I began by studying singers I liked – Sarah Vaughan, Betty Carter, Lauryn Hill, Seal, Sade, Barbra Streisand, Habib Koite, and Miriam Makeba. Pat Metheny’s music is a constant source of inspiration. He does not sing, I always hear lyrics in his music. Presently, I study with a vocal clinician named Teapot. She helps me explore my voice as one would explore a deserted island. We always find hidden, burried treasure.
You said you feel you are walking a path that was designed for you. How so?
When I decided what and who I wanted to be, I began working diligently toward that purpose. Working with a sense of purpose turns all obstacles into opportunities. The pursuit of those opportunities makes the world feel wide open and full of possibility. It is sort of like standing at the edge of a dense forest but knowing exactly, instinctively, how to navigate to the other side.
“Every song is a thought with an intention – a higher purpose.” Tell our readers about this philosophy of yours.
I want to deliver memorable, sensory experiences that people will share and treasure. When writing, I work to pull beautiful stories from the morass of struggle, or perhaps a vibrant love story can emerge from a moment of lonely reflection. Each song is a museum exhibit; the lyrics, the artwork therein.
What is most important to you as an artist as you continue this journey?
John Malachi (Jazz pianist) was my grandfather. His legacy represents the highest standard of musicianship, humility, and authenticity. Most important to me is forging ahead with those principles firmly in grasp.
You are very excited about the school fund project. Tell us about that project and why you have so much passion towards it.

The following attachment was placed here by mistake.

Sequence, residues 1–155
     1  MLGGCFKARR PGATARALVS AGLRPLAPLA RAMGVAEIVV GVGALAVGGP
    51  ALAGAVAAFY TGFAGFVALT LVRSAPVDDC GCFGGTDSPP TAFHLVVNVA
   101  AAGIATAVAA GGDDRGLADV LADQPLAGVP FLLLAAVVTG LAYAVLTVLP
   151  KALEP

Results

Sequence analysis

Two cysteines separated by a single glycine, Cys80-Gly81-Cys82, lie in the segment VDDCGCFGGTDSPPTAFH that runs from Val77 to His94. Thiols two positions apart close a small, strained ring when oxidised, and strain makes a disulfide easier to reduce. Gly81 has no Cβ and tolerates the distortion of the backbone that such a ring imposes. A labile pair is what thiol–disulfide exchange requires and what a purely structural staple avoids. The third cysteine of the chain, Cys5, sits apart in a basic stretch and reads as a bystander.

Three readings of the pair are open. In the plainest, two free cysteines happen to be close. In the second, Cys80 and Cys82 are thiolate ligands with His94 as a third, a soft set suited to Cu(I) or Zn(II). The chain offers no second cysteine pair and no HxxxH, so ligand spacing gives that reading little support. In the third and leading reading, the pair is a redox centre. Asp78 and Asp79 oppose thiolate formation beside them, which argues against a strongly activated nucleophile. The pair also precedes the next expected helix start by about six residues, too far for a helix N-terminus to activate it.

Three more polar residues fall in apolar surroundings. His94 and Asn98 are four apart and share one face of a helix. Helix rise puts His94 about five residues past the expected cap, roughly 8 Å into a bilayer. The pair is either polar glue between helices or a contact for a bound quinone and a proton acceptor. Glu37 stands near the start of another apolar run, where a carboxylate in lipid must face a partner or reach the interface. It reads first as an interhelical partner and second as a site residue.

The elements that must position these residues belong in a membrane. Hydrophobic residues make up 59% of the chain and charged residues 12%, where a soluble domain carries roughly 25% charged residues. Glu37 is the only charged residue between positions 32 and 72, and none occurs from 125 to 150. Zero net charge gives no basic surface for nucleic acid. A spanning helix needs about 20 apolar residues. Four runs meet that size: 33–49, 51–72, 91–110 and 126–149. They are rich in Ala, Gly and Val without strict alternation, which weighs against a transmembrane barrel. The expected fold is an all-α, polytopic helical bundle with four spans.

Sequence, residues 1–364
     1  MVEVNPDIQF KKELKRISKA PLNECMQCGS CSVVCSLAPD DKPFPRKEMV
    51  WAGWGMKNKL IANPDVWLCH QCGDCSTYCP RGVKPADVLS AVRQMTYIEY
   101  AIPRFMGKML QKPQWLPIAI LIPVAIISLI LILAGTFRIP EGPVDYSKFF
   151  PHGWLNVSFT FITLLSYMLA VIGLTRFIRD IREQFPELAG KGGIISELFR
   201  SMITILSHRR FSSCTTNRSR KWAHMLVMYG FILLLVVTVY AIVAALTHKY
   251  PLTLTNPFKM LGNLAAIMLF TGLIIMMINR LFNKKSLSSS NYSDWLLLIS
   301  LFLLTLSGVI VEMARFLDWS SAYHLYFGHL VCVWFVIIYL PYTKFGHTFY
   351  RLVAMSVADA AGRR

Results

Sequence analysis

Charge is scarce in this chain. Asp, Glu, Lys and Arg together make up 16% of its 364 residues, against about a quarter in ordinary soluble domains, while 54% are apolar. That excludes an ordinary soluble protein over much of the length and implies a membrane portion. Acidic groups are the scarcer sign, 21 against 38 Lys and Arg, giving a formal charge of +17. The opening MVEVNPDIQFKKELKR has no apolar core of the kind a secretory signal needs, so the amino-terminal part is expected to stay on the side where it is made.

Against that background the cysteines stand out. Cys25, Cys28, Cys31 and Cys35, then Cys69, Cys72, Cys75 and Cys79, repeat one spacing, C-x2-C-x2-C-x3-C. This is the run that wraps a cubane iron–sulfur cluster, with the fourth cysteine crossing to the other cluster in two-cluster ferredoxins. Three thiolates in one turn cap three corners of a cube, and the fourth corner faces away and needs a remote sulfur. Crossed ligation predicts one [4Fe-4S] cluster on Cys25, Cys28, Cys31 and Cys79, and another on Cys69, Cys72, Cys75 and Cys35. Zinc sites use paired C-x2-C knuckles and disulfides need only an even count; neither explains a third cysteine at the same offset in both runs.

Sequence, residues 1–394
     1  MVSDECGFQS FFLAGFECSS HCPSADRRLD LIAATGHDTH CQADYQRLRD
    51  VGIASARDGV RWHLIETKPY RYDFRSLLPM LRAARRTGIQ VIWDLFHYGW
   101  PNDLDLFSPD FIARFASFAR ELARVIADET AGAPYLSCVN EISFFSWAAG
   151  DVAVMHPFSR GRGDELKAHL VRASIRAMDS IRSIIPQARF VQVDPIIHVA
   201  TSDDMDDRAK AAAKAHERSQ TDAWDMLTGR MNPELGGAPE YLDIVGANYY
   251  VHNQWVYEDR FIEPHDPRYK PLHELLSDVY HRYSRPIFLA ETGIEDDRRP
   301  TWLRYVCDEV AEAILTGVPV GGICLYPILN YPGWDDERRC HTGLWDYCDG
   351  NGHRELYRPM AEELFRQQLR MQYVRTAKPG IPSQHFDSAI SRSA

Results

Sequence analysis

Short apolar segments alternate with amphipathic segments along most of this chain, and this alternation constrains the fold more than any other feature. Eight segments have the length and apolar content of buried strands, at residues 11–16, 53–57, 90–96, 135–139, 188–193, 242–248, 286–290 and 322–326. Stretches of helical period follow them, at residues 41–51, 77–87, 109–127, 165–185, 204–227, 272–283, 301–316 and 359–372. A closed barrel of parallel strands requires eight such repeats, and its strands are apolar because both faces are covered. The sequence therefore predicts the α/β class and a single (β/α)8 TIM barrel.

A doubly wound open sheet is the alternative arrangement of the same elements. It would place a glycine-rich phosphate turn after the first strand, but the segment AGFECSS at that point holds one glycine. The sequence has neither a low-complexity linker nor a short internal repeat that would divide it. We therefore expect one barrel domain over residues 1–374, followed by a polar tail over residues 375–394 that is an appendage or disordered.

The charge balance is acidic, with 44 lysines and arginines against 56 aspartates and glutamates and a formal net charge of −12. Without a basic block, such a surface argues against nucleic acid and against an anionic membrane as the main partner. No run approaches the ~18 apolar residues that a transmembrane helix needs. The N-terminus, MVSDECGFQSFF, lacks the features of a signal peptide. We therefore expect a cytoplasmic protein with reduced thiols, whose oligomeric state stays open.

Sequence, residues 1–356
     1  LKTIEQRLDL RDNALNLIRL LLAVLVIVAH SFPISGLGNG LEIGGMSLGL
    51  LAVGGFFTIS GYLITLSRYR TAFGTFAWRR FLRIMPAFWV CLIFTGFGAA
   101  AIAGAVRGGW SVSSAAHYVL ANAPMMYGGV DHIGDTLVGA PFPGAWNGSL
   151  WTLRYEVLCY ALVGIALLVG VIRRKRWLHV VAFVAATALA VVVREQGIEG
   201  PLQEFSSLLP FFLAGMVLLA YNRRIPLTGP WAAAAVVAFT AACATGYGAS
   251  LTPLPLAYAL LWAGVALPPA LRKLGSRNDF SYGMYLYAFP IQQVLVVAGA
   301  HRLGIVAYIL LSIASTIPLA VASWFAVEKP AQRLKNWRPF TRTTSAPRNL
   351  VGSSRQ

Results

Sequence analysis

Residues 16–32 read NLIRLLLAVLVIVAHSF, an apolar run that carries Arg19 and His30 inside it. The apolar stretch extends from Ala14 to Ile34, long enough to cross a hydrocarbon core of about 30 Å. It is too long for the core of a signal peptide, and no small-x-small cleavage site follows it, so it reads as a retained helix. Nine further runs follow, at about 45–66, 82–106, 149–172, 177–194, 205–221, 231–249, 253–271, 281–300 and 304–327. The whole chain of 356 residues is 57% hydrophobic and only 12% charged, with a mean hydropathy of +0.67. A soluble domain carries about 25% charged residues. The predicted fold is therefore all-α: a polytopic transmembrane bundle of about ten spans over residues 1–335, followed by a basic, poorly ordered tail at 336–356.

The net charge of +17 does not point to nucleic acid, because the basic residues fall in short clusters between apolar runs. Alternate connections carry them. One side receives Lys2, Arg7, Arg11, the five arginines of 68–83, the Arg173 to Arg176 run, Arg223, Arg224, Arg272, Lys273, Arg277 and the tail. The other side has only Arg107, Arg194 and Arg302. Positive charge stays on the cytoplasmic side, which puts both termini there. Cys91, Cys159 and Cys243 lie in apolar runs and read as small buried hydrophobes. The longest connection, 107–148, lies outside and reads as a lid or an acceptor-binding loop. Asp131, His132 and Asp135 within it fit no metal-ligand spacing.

The project is an initiative called the I Am Campaign. This partnership with The School Fund, an education nonprofit, will use my next music video as a means of educating students in developing countries. Our focus is East Africa. What makes this video so special is that, for every view it receives, one hour of class time will be donated to students in East Africa, courtesy of The School Fund’s corporate sponsors. Our goal is to provide 10,000 class hours per month for six months. This partnership makes it easy for people to change the world while getting something they love, good music. We’re really excited about the campaign and the support it’s getting from the corporate community! Speaking of which, check out coverage on the following outlets:
The U.S. Chamber of Commerce’s website
The Huffington Post
Also, here is a blog post I wrote for the Chamber
The project goes live on December 6 at the Chamber’s Business Civic Leadership Center’s Citizens Awards, held at the Ronald Reagan Building. Think the Grammys, except the nominees are Google, Merck, Hilton, etc.
Advice for young people who may want to follow in your footsteps?
Don’t follow my footsteps. Chart your own course. Life is a beautiful journey. I believe we each have the power to choose our destination. My advice to anyone looking to maximize their life is to decide what you want out of it, then endeavor to greatness. Never give up. Always move onward and upward.
“Be excellent with a purpose.” That’s you. There is a dash in people’s lifetimes: born 19XX – died 20XX. What are you creating to put in the “-“? What will people say about you when you’re gone? What will you have left for those to come?
When I’m gone, I want people to say that I was a personal influence, a global presence, and a universal force for good. I want people to see the world differently after hearing my music. I want to have set a new standard for social entrepreneurship within the creative community.